Even with our perpetual gridlock, there's simply no place like home

There are countries where traffic is worse
by Erle Sebastian | Jul 15, 2016

By the time you’re reading this, I should be back home--a place where I’ve dreaded returning to after spending close to a year reading horror stories about traffic, floods and criminals on Facebook. I’ve prayed hard for another year or two away from the home country, to be honest, but it’s not meant to be.

I’ve always looked askance at Pinoys who have nothing good to say about the land of their birth after spending just a few weeks in a foreign country. And now it’s embarrassing to be doing the same thing. It’s also weird because, if the grass is always greener on the other side, shouldn’t the grass back home look greener from where I am now?

If you check Facebook to learn what’s going on in the Philippines, you’ll know Metro Manila is hell on motorists. No day seems to go by without someone posting a selfie of being stuck in traffic--and nine out of 10, it’s on EDSA. Depending on the person posting the selfie, it’s accompanied either by an angry rant about government officials who are incompetent, corrupt or both, or by an eloquent, snarky or cutesy remark that is really equivalent to a helpless shrug of the shoulder.

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Then, with the start of the monsoon season, every other week you get to see photos of flooded streets, some with cars in floodwaters up to the hood. Now I have nightmares of getting caught in gridlock in a low-lying area of the city that former Vice President Jejomar Binay claims he has made rich. Nope, the scary thing about this particular nightmare wasn’t about him wanting to be our next president. It’s the sudden downpour that comes, and the water levels that creep up, up, up--and you realize you have let lapse your comprehensive vehicle insurance policy that includes coverage for damage caused by acts of God.

Naturally, every Pinoy motorist with a Facebook account now knows about those rugby boys that have graduated from mendicant to extortionist, begging for coins with one hand while holding a rock with the other. That’s not to mention the warnings of cars being pelted with stones for seemingly no good reason. Although there really is no good reason to pelt a car with stones, unless it’s sporting a No. 8 plate and going against traffic.

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If the number of shares of Facebook video posts of this and that extortionist masquerading as traffic enforcers is any indication, you’d think motorists would know these enforcers on a first-name basis. It should be easy for the MMDA and the traffic enforcement groups of local government units to identify the bad eggs in their crates, but as far as those active on social media can tell, nothing has been done to fry the bad eggs. Maybe the higher-ups don’t have Facebook accounts, or they don’t have as wide a network of friends. Public officials should make their Facebook accounts public, don’t you think?

Of course, if there is something positive about being negative on Facebook, it’s the public shaming of private motorists gone bad.

It seems there are more of the conscientious motorist who posts evidence of all sorts of bad behavior on the road as recorded by dashcams and mobile phones. Drivers who counterflow. Cars parked in slots for the handicapped. Vehicles hogging two parking slots because their drivers are stupid or ignorant, or don’t want their precious paint job scratched. Reckless juveniles on the road. Older drivers with juvenile attitudes.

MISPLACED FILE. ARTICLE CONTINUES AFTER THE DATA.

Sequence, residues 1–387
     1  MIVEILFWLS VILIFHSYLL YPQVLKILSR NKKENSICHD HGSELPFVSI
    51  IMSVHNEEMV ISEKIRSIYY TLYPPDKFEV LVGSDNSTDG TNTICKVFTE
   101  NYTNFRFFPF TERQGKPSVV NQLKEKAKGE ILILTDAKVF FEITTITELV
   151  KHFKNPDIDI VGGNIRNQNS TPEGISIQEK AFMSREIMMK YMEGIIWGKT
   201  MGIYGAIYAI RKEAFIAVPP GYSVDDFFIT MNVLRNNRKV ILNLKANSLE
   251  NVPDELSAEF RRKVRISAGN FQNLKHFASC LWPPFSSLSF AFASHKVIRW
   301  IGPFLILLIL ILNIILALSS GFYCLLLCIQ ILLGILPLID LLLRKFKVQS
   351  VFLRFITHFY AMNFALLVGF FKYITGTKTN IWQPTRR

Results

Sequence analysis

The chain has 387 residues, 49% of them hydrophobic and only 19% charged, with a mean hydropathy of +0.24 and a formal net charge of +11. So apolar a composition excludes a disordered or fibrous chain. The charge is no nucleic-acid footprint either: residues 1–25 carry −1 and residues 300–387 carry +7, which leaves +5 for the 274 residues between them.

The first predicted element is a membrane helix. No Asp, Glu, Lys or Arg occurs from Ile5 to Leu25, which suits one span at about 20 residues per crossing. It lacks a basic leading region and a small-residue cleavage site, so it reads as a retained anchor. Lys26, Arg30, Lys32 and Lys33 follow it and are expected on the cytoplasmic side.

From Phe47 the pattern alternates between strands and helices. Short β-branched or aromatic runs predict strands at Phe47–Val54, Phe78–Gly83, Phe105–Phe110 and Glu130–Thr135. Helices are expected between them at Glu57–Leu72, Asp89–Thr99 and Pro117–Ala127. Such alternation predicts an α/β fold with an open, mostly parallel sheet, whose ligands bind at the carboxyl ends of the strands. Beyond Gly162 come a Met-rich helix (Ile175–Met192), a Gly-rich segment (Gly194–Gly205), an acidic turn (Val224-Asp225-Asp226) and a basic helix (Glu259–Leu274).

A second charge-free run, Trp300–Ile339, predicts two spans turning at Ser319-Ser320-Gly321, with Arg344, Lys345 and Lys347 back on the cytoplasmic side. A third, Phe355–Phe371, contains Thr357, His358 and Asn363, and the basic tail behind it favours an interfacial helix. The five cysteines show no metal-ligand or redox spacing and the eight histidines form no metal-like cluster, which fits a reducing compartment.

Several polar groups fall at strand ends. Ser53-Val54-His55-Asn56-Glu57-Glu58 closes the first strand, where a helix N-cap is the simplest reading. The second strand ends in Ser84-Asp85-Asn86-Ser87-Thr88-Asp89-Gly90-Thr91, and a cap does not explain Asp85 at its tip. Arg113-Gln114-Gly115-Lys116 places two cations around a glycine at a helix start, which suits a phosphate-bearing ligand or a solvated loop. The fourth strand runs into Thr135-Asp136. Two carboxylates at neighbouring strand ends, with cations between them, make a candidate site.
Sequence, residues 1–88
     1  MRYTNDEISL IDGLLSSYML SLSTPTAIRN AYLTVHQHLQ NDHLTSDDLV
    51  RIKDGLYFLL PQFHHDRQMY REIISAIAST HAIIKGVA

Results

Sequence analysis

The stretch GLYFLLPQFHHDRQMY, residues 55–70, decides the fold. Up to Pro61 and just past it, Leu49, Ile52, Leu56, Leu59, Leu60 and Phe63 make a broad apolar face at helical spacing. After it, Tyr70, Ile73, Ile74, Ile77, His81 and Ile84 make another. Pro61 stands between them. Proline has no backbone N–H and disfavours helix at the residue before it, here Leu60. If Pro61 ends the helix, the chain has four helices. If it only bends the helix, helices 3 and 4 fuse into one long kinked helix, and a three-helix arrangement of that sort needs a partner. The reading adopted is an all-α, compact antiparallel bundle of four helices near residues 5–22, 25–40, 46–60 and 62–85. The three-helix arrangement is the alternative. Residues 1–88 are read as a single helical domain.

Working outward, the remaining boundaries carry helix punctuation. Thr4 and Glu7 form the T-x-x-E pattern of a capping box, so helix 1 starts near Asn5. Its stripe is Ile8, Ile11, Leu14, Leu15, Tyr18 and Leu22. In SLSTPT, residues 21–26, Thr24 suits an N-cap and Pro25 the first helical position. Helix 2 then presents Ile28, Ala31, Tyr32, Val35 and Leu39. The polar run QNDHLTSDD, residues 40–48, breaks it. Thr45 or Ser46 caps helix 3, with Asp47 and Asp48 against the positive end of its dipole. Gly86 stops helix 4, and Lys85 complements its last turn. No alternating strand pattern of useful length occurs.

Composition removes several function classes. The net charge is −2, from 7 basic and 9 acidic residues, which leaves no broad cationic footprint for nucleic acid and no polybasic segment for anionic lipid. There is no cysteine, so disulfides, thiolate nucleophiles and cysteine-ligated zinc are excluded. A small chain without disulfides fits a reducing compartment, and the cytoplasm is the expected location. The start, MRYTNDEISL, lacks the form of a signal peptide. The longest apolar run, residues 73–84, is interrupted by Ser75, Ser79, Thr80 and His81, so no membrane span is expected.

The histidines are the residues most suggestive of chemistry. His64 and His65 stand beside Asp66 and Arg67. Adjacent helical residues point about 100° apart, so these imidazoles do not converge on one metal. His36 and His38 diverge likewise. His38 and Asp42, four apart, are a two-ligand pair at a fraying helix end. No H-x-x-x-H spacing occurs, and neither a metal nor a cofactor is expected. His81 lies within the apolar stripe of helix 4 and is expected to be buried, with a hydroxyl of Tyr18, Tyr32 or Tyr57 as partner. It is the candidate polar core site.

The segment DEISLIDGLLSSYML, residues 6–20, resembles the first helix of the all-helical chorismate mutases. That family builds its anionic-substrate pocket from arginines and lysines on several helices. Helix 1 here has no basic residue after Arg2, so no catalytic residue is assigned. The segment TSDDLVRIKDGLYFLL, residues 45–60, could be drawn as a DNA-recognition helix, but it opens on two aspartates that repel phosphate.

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These posts get shared, too. A lot. But maybe not enough. Because there doesn’t seem to be a slackening in the number of social-media posts about bad motorist behavior.

In fact, the number of these posts seems to be growing, which can only mean either the bad boys are enjoying their minutes of fame--or infamy, if you will--or they don’t feel any shame at all. Perhaps they may even be asking their friends to share pics of themselves counterflowing or weaving past slower vehicles on the road.

Now, I don’t know if this happens here where I am staying right now. I mean the Facebook posts about bad behavior and unsafe driving. Although if that were my predilection, I’d be posting street and road scenes by the hundreds. But then, I have no Facebook friends or Twitter contacts from here.

I do know of someone from here who has stayed in Metro Manila for a few months. He seems proud to say that if traffic is really bad in our metropolis, it is 10 times worse in his own hometown. If traffic enforcers are inept or corrupt in our country, they are 10 times worse in his. He even goes further to say that if politicians in our corner of the world are corrupt and are stealing from public coffers, those in his are plundering from the public treasury.

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From my perspective, the motorists here--from operators of three-wheeled tuk-tuk-like vehicles, to drivers of rickety rust buckets that pass for buses, and even private owners of two- and four-wheeled vehicles--are as bad as their counterparts in my home country, if not a tad worse. But why am I reluctant or scared to go home if it will be same-old, same-old as far as traffic and road safety are concerned?

Maybe I just want to see my country from the other side and say the grass is always greener. Or maybe it’s just more comfortable to experience the reality of our horrendous traffic via Facebook posts, than to actually sit in a car parked on EDSA during a heavy downpour.

Photo by Dinzo Tabamo


NOTE: This article first appeared in Top Gear Philippines' October 2015 issue. The author was in India when he wrote this.


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